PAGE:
This year I resigned from the BMIMC Management Committee, and I was asked to write a few words about my experience on the committee which I joined in 2007.
I became associated with BMIMC in 2000, and started attending numerous retreats with teachers such as Patrick Kearney, Ariya Nani (now Ariya Bauman) and the late Sayadaw U Lakhana. I have always wanted to contribute to an organisation that I believe in, so I was very pleased to join the committee which has responsibility for managing BMIMC.
During my 10 years on the committee, I have witnessed several important changes around how staffing is managed at the Centre, including:
- We now provide our staff higher rates of pay than in the past.
- Key work responsibilities have devolved away from one centre manager, to several part time staff.
- Committee members are now more aware of the occasional challenges that staff face in a centre. Even when yogis are mindful, they can still be very demanding!
- Committee members and cooking staff have to contend with greater food intolerances
Whilst mindfulness-based activities have blossomed in western culture, BMIMC continues to provide a niche market for those who want to go deeper in their practise of understanding the mind. The growing marketplace of meditation will help refine and distinguish what it is that BMIMC does well, in particular teaching ‘mental cultivation’ (or bhavana in Pali) as opposed to just teaching meditation. I hope that the BMIMC continues to offer a pathway to attract serious yogis to the Mahasi tradition, particularly as it exists in Burma, to Sayadaw U Pandita’s retreat centre for instance, the one I am familiar with.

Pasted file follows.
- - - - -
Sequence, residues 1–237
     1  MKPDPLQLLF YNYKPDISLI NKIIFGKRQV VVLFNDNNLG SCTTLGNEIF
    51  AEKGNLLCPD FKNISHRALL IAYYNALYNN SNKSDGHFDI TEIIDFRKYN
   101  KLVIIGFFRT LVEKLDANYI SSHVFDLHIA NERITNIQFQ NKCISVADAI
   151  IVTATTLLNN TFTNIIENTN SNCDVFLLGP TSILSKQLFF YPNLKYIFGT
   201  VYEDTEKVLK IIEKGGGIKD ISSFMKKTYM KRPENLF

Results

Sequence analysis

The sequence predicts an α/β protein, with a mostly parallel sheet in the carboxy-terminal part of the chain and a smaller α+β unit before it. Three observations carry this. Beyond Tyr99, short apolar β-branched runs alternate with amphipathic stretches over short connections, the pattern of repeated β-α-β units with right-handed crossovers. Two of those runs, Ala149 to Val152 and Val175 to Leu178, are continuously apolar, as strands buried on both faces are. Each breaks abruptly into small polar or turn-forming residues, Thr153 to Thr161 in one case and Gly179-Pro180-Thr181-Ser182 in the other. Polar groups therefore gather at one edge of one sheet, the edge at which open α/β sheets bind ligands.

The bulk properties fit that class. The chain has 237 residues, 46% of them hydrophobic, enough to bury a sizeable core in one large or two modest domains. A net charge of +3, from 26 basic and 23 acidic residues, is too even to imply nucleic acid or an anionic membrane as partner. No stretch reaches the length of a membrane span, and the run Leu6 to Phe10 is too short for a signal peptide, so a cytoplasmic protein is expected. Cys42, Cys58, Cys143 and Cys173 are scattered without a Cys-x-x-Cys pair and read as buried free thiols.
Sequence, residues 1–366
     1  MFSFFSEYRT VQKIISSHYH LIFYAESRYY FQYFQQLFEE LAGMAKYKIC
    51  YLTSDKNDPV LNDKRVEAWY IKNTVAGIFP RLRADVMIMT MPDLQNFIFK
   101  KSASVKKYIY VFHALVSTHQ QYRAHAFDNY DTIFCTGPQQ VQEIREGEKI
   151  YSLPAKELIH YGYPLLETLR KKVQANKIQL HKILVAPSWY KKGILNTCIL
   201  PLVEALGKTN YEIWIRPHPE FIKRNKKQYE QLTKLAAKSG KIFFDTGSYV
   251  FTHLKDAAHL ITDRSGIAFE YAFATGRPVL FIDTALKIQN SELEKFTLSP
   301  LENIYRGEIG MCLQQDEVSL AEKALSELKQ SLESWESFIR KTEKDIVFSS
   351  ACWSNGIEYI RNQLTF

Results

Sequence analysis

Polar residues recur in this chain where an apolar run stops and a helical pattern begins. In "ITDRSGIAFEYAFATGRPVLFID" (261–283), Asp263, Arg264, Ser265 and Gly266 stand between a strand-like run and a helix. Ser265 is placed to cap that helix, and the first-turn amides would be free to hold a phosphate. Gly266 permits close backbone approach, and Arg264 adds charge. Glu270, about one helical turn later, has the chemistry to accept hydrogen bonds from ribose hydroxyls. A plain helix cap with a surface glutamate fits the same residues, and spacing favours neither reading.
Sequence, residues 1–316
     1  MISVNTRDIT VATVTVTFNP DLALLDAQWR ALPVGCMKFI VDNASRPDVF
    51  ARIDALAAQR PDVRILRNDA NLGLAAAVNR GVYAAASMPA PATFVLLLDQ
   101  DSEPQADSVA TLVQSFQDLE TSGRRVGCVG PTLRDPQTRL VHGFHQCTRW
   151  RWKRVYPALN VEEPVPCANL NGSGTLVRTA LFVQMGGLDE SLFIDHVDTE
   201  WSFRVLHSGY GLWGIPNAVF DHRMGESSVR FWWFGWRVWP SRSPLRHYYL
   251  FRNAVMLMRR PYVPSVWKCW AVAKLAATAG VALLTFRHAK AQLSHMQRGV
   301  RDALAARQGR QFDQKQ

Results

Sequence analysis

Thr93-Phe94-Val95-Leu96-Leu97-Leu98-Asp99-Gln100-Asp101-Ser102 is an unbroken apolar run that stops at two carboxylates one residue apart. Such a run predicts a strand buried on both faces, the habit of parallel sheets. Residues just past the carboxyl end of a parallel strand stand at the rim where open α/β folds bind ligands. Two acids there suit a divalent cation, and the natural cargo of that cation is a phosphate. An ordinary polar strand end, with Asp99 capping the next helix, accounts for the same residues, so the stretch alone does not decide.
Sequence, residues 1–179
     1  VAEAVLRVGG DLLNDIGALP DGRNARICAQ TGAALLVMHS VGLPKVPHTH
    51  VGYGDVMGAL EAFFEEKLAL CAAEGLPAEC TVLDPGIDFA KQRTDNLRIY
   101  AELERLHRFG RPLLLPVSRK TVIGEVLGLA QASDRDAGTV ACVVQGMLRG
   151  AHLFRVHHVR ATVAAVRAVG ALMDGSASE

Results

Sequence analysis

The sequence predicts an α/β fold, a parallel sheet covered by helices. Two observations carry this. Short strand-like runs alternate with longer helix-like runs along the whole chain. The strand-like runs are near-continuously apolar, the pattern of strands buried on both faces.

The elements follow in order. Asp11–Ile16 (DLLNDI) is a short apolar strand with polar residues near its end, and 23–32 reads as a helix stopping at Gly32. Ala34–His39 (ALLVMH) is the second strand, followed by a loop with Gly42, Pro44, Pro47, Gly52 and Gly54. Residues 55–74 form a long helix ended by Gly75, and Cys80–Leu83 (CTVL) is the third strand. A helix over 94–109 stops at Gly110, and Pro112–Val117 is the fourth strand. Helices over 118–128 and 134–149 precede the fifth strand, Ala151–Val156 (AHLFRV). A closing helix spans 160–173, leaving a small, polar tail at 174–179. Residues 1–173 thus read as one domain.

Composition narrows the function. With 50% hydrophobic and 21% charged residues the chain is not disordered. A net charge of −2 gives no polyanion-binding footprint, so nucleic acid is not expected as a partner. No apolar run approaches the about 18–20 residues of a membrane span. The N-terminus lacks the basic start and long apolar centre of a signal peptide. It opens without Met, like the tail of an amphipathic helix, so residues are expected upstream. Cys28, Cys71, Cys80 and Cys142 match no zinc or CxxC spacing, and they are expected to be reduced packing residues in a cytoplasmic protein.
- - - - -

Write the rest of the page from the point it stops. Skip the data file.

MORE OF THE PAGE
A key feature of Mahasi approach is walking meditation, and on my wish list is a hope that one day BMIMC has a bigger undercover space dedicated to walking meditation. I also notice that there is a tension between BMIMC accommodating a wider approach to Buddhism, and sticking to a Mahasi only based approach.
In the wider community
There are some things that have remained the same at BMIMC: the higher praise we receive for the upkeep of the Centre, the sense of inviting conditions suitable for meditation, the stable body of the sangha willing to volunteer and attend retreats, the equally stable ranks of world-class teachers we invite…and the great food.
As BMIMC is a centre that owns its own land and has experience running retreats, there is an increasing demand from other meditation and wider community groups to utilise the centre’s facilities, and this is something the committee has to grapple with.
During my time of the committee, I have often wondered whether and how BMIMC’s activities could be promoted to reach a broader audience, particularly a younger one. Meditation based on clear method is much needed in the current dilettante age that lacks methods of knowing what is real.
Being on a committee itself has been an honour. I have always enjoyed the professionalism of how the committee is run; it achieves a lot and every committee member is listened to and respected. Most of all, I feel I have significantly contributed to on-going running of meditation retreats at the Centre, and all the good that that provides to the community.
Marc Allas is a former BMIMC resident staff member and committee member